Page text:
There are several states that require more information in addition to the above requirements. For example, Maine requires the mode of shipment, frequency of shipment, maximum capacity per single vessel, average shipment quantity, etc. Ohio requests the total number of EHS and hazardous chemicals to be included in the report.

In addition to the chemical inventory information, some states require facility plans to be submitted that show important information like where the chemicals are stored, emergency exits, fire extinguishers, and nearest water source. Check with your state to see if a facility plan is required, what needs to be on it, and what file format it should be in.

After the required information and documents are uploaded and/or completed, several states require facilities to pay fees with Tier II reporting. Some states will bill your facility per chemical reported like Louisiana, Minnesota, and Pennsylvania. Other states, like New Jersey, will bill the facility by the number of employees. Some of the state portals are set up to accept payment of the fees directly while other states will send your facility a bill later and require you to mail a check or pay via credit card. Depending on your state, the LEPCs may charge fees as well.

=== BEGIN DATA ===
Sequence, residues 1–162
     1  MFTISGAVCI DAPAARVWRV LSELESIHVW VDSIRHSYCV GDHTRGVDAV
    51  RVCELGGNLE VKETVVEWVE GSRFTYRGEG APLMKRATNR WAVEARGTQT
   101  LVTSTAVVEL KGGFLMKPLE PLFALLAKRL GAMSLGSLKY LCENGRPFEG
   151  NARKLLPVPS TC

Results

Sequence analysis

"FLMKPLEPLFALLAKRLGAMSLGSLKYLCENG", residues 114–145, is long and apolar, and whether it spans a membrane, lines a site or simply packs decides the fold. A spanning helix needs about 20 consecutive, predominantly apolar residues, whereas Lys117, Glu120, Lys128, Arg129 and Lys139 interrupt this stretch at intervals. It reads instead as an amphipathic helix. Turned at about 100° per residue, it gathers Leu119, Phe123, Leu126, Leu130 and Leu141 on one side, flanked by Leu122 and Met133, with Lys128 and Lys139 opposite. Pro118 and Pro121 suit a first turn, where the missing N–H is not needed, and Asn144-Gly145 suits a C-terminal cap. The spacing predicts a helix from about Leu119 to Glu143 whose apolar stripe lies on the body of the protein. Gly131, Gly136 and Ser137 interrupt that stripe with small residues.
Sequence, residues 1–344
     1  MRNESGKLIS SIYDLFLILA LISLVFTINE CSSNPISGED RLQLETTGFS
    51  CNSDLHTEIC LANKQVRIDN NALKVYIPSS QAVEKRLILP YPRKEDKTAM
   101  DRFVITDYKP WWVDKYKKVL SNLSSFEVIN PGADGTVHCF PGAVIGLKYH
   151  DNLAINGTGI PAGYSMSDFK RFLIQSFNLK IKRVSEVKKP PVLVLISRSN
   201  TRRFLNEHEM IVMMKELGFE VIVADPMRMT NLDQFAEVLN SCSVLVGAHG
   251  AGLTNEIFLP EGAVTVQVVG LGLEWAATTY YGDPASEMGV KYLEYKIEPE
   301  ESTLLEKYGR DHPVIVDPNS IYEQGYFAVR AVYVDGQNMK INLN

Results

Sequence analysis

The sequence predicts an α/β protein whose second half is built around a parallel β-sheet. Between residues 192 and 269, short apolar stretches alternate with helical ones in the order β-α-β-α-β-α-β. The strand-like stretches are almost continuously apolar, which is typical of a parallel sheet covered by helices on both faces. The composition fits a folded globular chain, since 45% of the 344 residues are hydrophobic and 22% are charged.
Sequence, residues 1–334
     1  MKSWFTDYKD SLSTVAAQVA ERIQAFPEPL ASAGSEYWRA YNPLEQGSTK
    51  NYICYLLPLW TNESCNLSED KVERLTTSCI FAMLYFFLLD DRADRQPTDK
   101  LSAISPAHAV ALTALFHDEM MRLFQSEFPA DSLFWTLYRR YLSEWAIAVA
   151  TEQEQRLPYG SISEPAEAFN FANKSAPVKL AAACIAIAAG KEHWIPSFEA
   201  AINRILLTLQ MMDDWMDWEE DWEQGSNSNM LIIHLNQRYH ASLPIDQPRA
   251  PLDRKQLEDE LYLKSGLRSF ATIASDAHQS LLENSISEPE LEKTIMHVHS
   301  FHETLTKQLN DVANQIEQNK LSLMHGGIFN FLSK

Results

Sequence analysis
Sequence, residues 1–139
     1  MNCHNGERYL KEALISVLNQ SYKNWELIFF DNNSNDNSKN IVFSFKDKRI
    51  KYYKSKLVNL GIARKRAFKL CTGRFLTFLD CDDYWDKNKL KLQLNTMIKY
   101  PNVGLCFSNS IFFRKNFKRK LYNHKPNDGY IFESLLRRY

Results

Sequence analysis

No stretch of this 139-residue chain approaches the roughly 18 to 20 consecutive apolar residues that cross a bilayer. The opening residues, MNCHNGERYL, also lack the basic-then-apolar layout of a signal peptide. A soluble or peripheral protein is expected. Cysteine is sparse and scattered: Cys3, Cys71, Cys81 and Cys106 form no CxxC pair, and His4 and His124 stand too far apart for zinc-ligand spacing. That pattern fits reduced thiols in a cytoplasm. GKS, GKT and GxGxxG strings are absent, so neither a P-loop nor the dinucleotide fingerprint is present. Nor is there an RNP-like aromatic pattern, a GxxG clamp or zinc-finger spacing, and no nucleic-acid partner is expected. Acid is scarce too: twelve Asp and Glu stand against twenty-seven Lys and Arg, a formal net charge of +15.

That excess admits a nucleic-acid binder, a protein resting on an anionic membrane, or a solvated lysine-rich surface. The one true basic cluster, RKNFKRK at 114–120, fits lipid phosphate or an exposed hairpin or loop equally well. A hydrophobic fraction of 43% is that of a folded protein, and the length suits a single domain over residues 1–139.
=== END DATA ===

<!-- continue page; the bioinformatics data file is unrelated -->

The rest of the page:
When is all of this information and documentation due? The annual report is due March 1, which is a deadline set federally. All 50 states follow this deadline except for specific jurisdictions in California. California is divided into Certified Unified Program Agencies or CUPAs for short. Some of the CUPAs require this information to be submitted at different times during the year. In New Jersey, public and private entities have different due dates. For the most part, states require the information before March 1. If your information is submitted late or not submitted at all, you could be subject to enforcement actions or fines.